The White House announces new measures to address violence against Native Americans

The White House is taking a number of steps to address the growing violence against Asia American


Pacific Islanders after a mass shooting this month that killed eight people, six of whom were Asian women, and marked an increase in hate crimes against Asian Americans in the past year. .

Authorities said on Tuesday they were reinstating the White House Initiative for Asian Americans and the Pacific Islands, and extended the first mandate of the intergovernmental partnership to respond to anti-Asian racism and violence, with a strong focus on gender-based violence against Asian Americans.

According to White House documents about the new actions, President Biden will also "appoint a permanent director to lead policies in a coalition government that affects the communities of Asia American, Native Hawaiian, and Pacific Island." The initiative was first established during the Clinton administration, and has been reinstated and expanded by subsequent presidents.

Prior to Tuesday, the White House had done nothing to revive the Initiative on Asian American and Pacific Islanders, currently without direct staff at the Minority Business Development Agency (MBDA), where the program is located, or other organizations for which links should be appointed.

Some AAPI activists have argued that the program should be handed over to an organization better equipped to deal with health and public safety issues facing Asian Americans. The current action page on the MBDA website has also not been updated since Mr Biden took office, as it includes a picture of former President Donald Trump and his election, raising concerns that the current White House has never been fully interested in rebuilding it.

Under the measures announced Tuesday, the Department of Health and Human Services will also allocate $ 49.5 million to the American Rescue Plan's "Community Services and Programs" program, which will help AAPI survivors of domestic violence and sexual abuse, who may face additional barriers to assistance, such as language barriers.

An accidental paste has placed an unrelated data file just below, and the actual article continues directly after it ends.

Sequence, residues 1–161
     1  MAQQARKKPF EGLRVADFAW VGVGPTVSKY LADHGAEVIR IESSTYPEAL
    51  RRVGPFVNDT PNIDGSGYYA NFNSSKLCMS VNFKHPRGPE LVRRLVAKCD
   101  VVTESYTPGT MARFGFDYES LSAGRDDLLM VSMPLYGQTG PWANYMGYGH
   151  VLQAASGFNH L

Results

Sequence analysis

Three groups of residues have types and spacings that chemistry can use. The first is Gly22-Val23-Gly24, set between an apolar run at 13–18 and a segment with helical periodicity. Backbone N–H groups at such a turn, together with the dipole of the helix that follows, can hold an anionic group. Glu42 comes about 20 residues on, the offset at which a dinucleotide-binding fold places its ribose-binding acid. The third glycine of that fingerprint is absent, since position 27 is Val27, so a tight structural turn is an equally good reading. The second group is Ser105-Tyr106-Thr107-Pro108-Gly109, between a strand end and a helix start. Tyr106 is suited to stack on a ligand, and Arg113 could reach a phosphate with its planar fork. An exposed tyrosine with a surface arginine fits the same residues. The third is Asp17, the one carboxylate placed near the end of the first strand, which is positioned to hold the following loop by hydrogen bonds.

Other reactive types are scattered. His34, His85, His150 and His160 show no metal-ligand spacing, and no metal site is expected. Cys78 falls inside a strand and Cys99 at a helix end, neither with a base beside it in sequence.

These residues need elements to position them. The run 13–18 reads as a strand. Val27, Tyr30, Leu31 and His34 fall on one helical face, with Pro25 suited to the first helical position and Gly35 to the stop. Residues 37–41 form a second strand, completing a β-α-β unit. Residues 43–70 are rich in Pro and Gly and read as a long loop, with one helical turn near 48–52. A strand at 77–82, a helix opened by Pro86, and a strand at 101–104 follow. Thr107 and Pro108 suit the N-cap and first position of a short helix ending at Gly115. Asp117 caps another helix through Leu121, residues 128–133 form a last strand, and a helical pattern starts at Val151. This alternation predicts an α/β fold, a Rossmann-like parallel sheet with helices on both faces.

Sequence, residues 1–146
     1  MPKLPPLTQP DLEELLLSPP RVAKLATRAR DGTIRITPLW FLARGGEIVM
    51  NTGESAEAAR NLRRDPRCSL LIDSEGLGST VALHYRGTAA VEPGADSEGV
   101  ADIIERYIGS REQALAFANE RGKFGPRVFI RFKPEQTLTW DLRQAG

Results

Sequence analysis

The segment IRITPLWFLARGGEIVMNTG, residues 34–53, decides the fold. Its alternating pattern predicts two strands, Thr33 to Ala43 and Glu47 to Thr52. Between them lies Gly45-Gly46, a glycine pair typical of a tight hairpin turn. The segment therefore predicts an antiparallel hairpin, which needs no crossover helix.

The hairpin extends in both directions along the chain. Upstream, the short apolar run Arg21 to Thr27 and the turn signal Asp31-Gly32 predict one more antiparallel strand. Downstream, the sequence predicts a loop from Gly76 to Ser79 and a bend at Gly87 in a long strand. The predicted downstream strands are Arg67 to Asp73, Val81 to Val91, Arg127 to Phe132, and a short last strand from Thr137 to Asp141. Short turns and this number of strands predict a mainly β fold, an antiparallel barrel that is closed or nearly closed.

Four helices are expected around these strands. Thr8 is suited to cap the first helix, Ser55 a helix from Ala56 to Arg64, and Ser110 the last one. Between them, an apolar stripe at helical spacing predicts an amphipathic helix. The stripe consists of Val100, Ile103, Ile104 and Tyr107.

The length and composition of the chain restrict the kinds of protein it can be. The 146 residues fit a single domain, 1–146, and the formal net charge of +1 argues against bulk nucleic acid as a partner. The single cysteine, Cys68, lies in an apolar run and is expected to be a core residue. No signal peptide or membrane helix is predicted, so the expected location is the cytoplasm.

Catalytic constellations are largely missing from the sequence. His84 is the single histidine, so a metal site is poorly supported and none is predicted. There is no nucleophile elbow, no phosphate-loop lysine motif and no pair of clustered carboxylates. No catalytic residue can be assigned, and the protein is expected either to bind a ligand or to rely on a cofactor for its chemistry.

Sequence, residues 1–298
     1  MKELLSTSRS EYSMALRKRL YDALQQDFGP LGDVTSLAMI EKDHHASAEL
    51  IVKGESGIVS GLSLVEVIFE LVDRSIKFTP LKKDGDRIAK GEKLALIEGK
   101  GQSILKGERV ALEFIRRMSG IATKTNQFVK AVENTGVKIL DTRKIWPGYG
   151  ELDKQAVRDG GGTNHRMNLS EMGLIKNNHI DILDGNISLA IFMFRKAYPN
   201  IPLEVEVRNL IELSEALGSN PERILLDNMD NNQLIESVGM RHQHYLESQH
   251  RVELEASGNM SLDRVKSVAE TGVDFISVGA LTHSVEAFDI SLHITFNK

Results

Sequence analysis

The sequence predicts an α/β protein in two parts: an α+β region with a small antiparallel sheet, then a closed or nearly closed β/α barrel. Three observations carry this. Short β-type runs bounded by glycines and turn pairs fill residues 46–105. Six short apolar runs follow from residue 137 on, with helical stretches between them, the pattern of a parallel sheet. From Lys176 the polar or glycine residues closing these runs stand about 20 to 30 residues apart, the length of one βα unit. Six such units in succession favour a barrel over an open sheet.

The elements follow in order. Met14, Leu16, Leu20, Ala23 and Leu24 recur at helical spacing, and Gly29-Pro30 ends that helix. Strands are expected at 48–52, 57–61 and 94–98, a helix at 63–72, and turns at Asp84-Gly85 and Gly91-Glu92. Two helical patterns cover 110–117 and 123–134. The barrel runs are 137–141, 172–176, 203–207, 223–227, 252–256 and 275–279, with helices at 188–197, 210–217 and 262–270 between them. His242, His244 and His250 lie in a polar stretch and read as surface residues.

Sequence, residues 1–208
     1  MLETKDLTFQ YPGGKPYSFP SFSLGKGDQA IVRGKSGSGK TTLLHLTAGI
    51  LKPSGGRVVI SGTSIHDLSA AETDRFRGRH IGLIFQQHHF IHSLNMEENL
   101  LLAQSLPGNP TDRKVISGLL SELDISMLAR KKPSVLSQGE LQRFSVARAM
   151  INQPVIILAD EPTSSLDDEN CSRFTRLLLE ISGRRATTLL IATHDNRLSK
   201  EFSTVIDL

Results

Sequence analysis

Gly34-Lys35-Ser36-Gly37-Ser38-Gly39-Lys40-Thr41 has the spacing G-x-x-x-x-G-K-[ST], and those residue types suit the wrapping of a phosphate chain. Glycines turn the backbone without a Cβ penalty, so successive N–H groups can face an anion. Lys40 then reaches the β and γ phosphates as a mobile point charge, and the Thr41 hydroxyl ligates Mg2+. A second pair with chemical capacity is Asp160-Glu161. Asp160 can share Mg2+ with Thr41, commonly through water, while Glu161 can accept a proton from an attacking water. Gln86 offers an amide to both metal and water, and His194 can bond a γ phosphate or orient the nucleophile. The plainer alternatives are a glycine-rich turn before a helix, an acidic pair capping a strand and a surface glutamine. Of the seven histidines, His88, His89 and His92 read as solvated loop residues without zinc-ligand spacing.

The COVID-19 Health Equity Task Force, established by Mr Biden in January, has also set up a sub-committee on Structural Drivers of Health Inequity and Xenophobia, the White House said. This sub-committee will focus on combating the growing bias against Asia during the epidemic.

The White House has announced a comprehensive program of cooperation between the Ministry of Justice to deal with violence against Asia, and the allocation of new funds from the National Science Foundation to invest in research "understanding, addressing and eradicating discrimination, discrimination and xenophobia. AAPI, "according to a White House fact sheet. The National Endowment for the Humanities has also launched a virtual library to expand resources and provide information on Asian-American history.

"Today's declarations are an additional step in the Biden Administration's mission to promote equality in the communities of Asia American, Hawaiian, and Pacific Island communities through the government's comprehensive approach to racial justice," the White House said.

Mr Biden spoke of the increase in crimes committed in the AAPI community during his first week in office, when he signed a high-level memorandum condemning discrimination, xenophobia, and intolerance among Asian Americans and Pacific Islands in the US Earlier this month, during his inaugural keynote address. Mr Biden condemned the violence against Asian Americans.

"Many times, we confront each other," the president said. "Serious cases of hatred are directed at Asian Americans, who have been attacked, tortured, accused, and deported. Meanwhile, most of them, our American people, are in the news of this epidemic, trying to save lives, and yet, they are forced to live in fear for their lives as they walk the streets. "It's not right, it's not American, and it must stop."

These speeches compare what his predecessor said in the presidential channel. Former President Donald Trump often referred to the coronavirus as the "Chinese virus" and the "Chinese virus," and even used the racist term "kung flu" in campaign rallies. White House press secretary Jen Psaki said the former president's language had contributed to the escalation of violence.

"I think there is no doubt that some of the hurtful remarks we have seen during the previous administration, we suspect - we call it COVID, you know, the 'Wuhan virus' or other things led to, you know, the Asian-American community's views as inaccurate, unjust, raising threats to Asian Americans, and we see that across the country, "said Psaki.

While advocacy groups praised the management's response, they also urged Mr Biden to take further steps to address the violence. Stop AAPI Hate, a group that has been following since the epidemic, urged him to increase human rights protection against discrimination, support various legal measures to focus on hate crime, and direct the US Attorney General to investigate and initiate public action against AAPI discrimination.

Representative Grace Meng, a New York Democrat, and Senator Mazie Hirono, a Hawaiian Democrat, introduced the COVID-19 Hate Crimes Act, which will provide a point to the Department of Justice to expedite the review of COVID-19 hate crimes.